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Development of a mnemonic screening tool for identifying subjects with Hunter syndrome


Cohn, Gabriel M; Morin, Isabelle; Whiteman, David A H (2013). Development of a mnemonic screening tool for identifying subjects with Hunter syndrome. European Journal of Pediatrics, 172(7):965-970.

Abstract

The Hunter Outcome Survey (HOS), an international, long-term observational registry of patients with Hunter syndrome, was used to develop a simple mnemonic screening tool (HUNTER) to aid in the diagnosis of Hunter syndrome. Data regarding the prediagnosis prevalence of ten specific signs and symptoms present in individual patients enrolled in the HOS were used to develop the HUNTER mnemonic screening tool. A total score of 6 or greater using a weighting scheme in which certain manifestations were assigned a weight of 2 (facial dysmorphism, nasal obstruction or rhinorrhea, enlarged tongue, enlarged liver, enlarged spleen, joint stiffness) and others assigned a weight of 1 (hernia, hearing impairment, enlarged tonsils, airway obstruction or sleep apnea) correctly identified 95 % of patients who had no family history of Hunter syndrome or who were not diagnosed prenatally. No association between age at diagnosis and HUNTER score was found. Conclusion: The HUNTER mnemonic appears to be a useful screening tool. Further validation in the clinical setting will be necessary to confirm its utility.

The Hunter Outcome Survey (HOS), an international, long-term observational registry of patients with Hunter syndrome, was used to develop a simple mnemonic screening tool (HUNTER) to aid in the diagnosis of Hunter syndrome. Data regarding the prediagnosis prevalence of ten specific signs and symptoms present in individual patients enrolled in the HOS were used to develop the HUNTER mnemonic screening tool. A total score of 6 or greater using a weighting scheme in which certain manifestations were assigned a weight of 2 (facial dysmorphism, nasal obstruction or rhinorrhea, enlarged tongue, enlarged liver, enlarged spleen, joint stiffness) and others assigned a weight of 1 (hernia, hearing impairment, enlarged tonsils, airway obstruction or sleep apnea) correctly identified 95 % of patients who had no family history of Hunter syndrome or who were not diagnosed prenatally. No association between age at diagnosis and HUNTER score was found. Conclusion: The HUNTER mnemonic appears to be a useful screening tool. Further validation in the clinical setting will be necessary to confirm its utility.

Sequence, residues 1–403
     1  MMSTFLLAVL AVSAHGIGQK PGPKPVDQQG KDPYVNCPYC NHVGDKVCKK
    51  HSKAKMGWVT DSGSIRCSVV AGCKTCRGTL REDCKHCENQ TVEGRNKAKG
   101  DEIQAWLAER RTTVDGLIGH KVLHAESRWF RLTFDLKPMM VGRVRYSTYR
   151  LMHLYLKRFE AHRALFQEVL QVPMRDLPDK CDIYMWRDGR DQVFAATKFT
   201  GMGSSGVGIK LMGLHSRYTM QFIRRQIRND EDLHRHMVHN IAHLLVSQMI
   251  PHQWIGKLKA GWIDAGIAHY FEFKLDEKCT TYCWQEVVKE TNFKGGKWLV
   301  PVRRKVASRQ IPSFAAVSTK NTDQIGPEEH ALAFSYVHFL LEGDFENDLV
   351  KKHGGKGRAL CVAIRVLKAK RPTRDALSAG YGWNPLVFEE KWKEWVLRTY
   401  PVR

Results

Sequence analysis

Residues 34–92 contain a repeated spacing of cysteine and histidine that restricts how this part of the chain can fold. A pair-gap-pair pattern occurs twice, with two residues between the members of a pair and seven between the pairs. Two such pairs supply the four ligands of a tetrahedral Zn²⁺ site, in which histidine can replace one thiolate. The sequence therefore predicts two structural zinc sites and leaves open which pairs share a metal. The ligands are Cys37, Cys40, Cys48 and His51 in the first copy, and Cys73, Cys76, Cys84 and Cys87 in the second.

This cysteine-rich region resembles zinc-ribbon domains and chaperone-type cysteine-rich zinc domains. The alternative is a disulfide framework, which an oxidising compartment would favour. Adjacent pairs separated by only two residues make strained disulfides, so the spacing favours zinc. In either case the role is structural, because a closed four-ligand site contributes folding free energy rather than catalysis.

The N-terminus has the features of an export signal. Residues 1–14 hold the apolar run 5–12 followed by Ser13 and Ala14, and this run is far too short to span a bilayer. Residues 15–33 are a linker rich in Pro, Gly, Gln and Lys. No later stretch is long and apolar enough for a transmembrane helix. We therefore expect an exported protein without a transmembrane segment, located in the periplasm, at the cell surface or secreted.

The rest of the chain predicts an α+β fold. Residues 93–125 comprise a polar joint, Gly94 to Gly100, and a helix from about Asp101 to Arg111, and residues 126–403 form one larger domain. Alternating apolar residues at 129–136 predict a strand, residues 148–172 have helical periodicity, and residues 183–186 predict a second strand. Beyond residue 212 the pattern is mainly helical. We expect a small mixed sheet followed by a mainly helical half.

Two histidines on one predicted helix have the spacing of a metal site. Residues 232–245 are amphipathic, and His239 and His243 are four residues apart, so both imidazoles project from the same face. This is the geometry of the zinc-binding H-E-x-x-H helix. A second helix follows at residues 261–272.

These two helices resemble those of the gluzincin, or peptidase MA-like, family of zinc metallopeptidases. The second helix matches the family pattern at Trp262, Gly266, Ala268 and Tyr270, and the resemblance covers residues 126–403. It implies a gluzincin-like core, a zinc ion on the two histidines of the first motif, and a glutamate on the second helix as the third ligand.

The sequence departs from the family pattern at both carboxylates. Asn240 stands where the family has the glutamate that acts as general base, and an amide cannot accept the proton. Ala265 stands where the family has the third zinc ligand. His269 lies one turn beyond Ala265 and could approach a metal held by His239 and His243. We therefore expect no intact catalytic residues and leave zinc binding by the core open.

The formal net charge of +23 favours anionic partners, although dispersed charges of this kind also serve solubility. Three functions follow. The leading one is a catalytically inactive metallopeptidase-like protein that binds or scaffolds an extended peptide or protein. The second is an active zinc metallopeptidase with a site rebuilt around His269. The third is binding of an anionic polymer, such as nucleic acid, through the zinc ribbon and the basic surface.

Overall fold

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Additional indexing

Item Type:Journal Article, refereed, original work
Communities & Collections:04 Faculty of Medicine > University Children's Hospital Zurich > Medical Clinic
Dewey Decimal Classification:610 Medicine & health
Language:English
Date:2013
Deposited On:28 Jan 2014 07:48
Last Modified:05 Apr 2016 17:26
Publisher:Springer
ISSN:0340-6199
Publisher DOI:https://doi.org/10.1007/s00431-013-1967-x
PubMed ID:23468122
Permanent URL: https://doi.org/10.5167/uzh-89328

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